In 1798, Napoleon Bonaparte launched an expedition of 35,000 soldiers to conquer Egypt. The campaign was a military and political disaster but nonetheless it had a profound and lasting impact, by revealing the splendour of a mysterious and forgotten civilization.
For Napoleon’s ships also carried some 500 scholars, scientists and artists whose task it was to study the country and its customs. Traversing a country at war under the stifling heat of southern Egypt, they embarked on the first major study of a land then all but unknown to Europeans.
They discovered the Valley of the Kings outside Thebes. They found the Rosetta stone, which when deciphered enabled scholars to read hieroglyphics. And their combined efforts culminated in what is surely one of the most ambitiously comprehensive work ever published: the Description de l’Egypte in 10 volumes with 837 copperplate engravings and more than 3,000 drawings. It was as though they were cataloguing the world’s richest museum covering three major themes with their work: "Antiquités", "Etat Moderne" and "Histoire Naturelle", the first two of which are reproduced fully in this special edition.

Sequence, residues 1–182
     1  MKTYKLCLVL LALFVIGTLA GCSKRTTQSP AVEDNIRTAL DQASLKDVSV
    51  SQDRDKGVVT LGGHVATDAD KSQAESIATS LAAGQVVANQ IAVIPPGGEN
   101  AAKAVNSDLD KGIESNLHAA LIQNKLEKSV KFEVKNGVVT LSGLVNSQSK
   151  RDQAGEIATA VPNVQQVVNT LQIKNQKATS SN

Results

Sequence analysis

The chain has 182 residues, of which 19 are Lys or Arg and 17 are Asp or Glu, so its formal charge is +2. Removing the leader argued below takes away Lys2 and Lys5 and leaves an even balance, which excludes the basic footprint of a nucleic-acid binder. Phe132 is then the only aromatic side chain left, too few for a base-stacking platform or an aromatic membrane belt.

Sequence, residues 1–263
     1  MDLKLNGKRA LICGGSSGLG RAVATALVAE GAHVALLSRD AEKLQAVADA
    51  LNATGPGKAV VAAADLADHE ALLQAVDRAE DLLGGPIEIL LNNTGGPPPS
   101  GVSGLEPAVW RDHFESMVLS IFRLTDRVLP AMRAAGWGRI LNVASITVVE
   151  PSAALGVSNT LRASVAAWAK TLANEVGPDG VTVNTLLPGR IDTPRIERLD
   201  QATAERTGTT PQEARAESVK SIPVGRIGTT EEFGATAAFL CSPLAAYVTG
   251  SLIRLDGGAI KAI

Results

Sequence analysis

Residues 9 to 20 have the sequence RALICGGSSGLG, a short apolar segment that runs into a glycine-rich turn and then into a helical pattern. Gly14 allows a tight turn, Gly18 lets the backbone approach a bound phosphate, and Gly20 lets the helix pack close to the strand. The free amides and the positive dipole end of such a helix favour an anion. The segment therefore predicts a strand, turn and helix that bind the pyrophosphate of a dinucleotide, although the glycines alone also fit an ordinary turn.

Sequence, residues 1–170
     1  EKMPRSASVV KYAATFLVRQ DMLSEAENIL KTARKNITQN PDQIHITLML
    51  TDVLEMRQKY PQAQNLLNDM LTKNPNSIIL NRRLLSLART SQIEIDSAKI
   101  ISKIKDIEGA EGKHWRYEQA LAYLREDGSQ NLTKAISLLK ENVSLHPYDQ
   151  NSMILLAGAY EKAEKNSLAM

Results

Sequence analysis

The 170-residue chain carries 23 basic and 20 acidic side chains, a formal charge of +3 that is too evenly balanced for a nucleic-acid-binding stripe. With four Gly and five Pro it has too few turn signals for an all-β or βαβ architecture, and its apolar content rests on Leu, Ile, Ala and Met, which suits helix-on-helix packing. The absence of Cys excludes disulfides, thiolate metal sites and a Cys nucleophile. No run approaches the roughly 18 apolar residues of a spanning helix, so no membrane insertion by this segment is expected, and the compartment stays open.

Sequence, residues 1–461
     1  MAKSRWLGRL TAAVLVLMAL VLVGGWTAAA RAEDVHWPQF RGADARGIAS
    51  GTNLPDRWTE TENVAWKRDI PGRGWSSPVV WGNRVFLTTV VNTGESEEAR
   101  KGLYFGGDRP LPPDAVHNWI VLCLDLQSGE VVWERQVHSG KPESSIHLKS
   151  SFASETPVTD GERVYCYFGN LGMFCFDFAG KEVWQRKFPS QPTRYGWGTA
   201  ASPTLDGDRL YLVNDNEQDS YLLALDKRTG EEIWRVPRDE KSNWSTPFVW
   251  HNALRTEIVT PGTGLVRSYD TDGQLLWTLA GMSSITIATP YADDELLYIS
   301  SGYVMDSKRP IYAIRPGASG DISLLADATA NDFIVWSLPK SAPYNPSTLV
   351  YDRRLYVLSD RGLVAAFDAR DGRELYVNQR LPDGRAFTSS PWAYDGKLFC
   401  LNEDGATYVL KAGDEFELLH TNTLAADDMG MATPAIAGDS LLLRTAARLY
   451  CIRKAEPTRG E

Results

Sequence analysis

Gilles Néret (1933–2005) was an art historian, journalist, writer, and museum correspondent. He organized several art retrospectives in Japan and founded the SEIBU Museum and the Wildenstein Gallery in Tokyo. He directed art reviews such as L'Œil and Connaissance des Arts and received the Élie Faure Prize in 1981 for his publications. His TASCHEN titles include Salvador Dalí: I dipinti, Matisse and Erotica Universalis.
|Dimensions||cm 14,0 x 19,5|
|Language/s||english, french, german|
|Collection||TASCHEN's 25th anniversary|